Intensified Secondary Prevention intending a Reduction of vascular re-events after TIA or Minor Stroke
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INSPiRE-TMS compared the effect of a structured, two-year follow-up program with regard to the frequency of secondary strokes, acute coronary syndrome and vascular deaths compared to outpatient follow-up according to standard care in patients with minor ischaemic strokes or TIA (Transitory Ischaemic Attack).
In the course of the structured follow-up program, the patients received a comprehensive counseling interview at weeks 3, 6 and 12 as well as at 6, 9, 12, 18 and 24 months after inclusion in the study. This included general information on stroke prevention and risk factors – with a special focus on lifestyle intervention and adherence to therapy. During these counselling appointments, physical fitness and the current individual risk profile (blood pressure, LDL cholesterol, smoking, etc.) were also assessed. The study was conducted at six German and one Danish hospitals with a Stroke Unit. A total of 2,098 patients were included, half underwent the structured follow-up programme, the other half the normal outpatient follow-up.
Several evidence-based strategies are available for secondary prevention after stroke, such as blood pressure lowering, cholesterol lowering, platelet function inhibitors for arterial strokes and oral anticoagulation (blood thinning) for patients with atrial fibrillation. However, these measures are often not (sufficiently) implemented in routine care, partly because the patients concerned underestimate the need for consistent secondary prevention or are overwhelmed by it, and partly because outpatient care is not extensive enough.
The study confirmed that with the support program an improvement in the risk factor setting could be observed, but this did not lead to a significant reduction in recurrent severe vascular events such as stroke or myocardial infarction. After a mean follow-up of 3.6 years, 175 of the conventionally followed-up patients and 163 of the patients in the follow-up program experienced a major vascular event according to the primary endpoint. With a reduction in relative risk of 8%, the difference between the groups was not significant. However, vascular risk factors were better controlled in the patients in the support program. For example, after 12 months, significantly more patients in the intervention group had blood pressure values in the target range, lower LDL values and higher physical activity and non-smoking rates.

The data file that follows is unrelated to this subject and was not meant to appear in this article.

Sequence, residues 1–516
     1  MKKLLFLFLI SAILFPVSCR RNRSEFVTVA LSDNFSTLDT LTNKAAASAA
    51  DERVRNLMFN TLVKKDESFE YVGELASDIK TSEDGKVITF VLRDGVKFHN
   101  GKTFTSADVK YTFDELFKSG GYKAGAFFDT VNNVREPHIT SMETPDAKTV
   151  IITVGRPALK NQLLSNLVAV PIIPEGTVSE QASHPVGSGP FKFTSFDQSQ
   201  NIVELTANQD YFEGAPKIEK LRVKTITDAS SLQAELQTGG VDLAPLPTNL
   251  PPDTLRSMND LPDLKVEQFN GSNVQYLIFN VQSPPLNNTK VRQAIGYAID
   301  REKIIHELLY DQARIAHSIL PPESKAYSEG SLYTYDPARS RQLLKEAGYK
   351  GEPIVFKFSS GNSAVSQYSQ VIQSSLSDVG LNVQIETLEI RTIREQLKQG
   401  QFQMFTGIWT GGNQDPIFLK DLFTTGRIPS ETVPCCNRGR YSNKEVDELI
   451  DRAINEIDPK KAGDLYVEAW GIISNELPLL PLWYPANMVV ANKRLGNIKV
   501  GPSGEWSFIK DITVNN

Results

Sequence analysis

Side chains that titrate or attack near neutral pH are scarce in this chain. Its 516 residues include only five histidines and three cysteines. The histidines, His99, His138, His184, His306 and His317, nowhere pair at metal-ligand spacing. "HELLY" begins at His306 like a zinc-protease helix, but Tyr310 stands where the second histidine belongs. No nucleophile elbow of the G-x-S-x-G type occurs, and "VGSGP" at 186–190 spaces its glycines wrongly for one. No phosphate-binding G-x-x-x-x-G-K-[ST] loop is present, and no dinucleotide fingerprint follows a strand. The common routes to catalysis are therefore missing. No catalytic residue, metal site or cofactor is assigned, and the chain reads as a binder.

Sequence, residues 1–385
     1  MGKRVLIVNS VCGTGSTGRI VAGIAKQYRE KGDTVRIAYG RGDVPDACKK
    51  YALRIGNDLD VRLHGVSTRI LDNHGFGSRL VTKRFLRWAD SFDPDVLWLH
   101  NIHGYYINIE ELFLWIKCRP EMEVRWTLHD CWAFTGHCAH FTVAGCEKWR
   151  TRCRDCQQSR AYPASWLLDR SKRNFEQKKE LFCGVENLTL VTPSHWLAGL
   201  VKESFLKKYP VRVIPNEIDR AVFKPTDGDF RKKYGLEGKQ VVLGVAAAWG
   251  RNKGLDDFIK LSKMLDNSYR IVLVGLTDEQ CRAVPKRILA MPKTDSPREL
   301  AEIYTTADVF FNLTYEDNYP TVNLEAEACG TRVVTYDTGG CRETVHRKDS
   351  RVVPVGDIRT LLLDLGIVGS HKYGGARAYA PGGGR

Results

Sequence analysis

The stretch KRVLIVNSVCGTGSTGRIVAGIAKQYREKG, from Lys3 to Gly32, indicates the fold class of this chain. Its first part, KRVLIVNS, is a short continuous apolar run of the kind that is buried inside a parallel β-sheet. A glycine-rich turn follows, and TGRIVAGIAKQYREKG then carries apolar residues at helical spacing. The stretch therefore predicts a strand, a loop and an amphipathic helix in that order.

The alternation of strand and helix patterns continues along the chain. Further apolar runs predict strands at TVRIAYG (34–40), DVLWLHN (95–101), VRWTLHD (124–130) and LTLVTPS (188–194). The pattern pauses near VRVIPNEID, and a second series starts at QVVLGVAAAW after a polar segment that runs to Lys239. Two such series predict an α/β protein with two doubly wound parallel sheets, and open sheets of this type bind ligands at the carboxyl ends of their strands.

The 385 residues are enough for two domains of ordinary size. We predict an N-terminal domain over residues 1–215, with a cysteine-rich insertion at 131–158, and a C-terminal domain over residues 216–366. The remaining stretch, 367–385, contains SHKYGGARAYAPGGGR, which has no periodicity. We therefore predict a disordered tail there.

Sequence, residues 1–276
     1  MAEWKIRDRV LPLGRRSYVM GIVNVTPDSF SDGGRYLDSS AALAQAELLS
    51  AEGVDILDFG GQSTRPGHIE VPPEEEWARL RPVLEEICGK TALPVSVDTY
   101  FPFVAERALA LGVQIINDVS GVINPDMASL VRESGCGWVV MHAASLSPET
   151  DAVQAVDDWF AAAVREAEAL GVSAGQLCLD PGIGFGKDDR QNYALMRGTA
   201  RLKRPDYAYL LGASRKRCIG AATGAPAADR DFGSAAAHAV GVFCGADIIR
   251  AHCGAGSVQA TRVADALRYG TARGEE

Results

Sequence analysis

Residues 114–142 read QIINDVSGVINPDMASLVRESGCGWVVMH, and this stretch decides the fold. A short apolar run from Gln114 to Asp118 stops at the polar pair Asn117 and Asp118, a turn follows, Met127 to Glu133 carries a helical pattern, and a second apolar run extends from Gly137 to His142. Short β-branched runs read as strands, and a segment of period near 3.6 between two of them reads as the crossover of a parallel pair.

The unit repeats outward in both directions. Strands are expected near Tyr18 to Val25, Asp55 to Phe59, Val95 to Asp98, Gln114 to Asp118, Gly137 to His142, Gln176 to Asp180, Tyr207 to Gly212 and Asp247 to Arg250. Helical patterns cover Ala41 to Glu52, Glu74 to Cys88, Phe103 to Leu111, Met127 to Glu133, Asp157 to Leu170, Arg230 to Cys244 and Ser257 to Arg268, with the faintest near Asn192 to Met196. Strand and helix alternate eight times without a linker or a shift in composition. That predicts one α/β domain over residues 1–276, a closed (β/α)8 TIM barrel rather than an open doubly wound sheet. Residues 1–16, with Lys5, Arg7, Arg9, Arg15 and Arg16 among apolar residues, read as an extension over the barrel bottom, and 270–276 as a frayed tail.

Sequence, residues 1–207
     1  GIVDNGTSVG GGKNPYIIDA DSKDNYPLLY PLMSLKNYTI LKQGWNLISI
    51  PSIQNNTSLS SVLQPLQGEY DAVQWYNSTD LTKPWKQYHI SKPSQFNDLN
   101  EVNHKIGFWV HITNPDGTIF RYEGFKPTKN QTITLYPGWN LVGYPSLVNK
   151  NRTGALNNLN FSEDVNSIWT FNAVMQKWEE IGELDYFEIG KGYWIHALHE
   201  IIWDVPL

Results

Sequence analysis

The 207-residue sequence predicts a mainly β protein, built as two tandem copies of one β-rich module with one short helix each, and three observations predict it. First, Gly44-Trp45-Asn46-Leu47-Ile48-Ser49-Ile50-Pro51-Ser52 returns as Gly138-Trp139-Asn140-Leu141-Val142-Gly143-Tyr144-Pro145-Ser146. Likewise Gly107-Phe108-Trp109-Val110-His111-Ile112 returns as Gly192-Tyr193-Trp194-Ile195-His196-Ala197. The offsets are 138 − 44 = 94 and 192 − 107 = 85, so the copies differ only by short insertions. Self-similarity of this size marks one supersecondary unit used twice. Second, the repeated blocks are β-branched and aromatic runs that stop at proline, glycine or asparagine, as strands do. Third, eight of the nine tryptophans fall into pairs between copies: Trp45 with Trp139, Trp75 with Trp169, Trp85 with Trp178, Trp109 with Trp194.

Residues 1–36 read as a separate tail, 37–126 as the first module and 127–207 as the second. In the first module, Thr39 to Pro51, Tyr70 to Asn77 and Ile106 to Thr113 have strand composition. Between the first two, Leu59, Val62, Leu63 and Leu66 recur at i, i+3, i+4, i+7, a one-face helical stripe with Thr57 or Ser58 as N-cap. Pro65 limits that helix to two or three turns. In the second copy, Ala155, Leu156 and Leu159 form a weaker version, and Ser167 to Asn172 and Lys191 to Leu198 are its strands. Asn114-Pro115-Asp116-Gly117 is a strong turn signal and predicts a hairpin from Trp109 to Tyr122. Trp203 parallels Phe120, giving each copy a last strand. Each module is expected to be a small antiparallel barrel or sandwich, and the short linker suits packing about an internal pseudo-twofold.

A series of complementary analyses are currently underway, e.g. how the change in body weight affects the risk of recurrence and whether a better secondary prevention setting can at least reduce so-called silent cerebral infarctions.
- Prof. Heinrich A. Audebert, MD
- Inga Laumeier, MD
- Michael Ahmadi, MD
- Thomas Ihl, MD
- Maureen Steinicke, MD
- Gabriele Nieweler
Prevention and Study Nurses
- Sabine Wunderlich
- Gabriela May
- Katrin Hayens
- Ramanan Ganeshan, MD
- Juliane Herm, MD
- Philipp Klyscz
- Prof. Jan Scheitz, MD
Clinical Endpoint Committee
- Prof. Peter Marx, MD
- Prof. Otto Busse, MD
- Prof. Friedrich Köhler, MD
Data Monitoring Committee
- Prof. Pierre Amarenco, MD, Paris, France
- Prof. Jakoba Greving, PhD, Utrecht, Netherlands
- University Hospital Aarhus, Denmark: Paul von Weitzel-Mudersbach, PhD
- Klinikum Ludwigshafen: Prof. Dr Armin Grau, MD, Susanne Streib
- Rechts der Isar Hospital of the Technical University of Munich: Prof. Bernhard Hemmer, MD, Christian Seifert, MD
- Martin Wimmer, MD, Praxis am Prinzregentenplatz, Munich
- Prof. Wolfram Döhner, MD, Center for Stroke Research Berlin
- Prof. Jochen Fiebach, MD, Center for Stroke Research Berlin
- Prof. Michael Michelson, MD, Department of Ophthalmology, University Hospital Erlangen
- Prof. Holger Gerhard, Max-Delbrück-Centrum, Berlin-Buch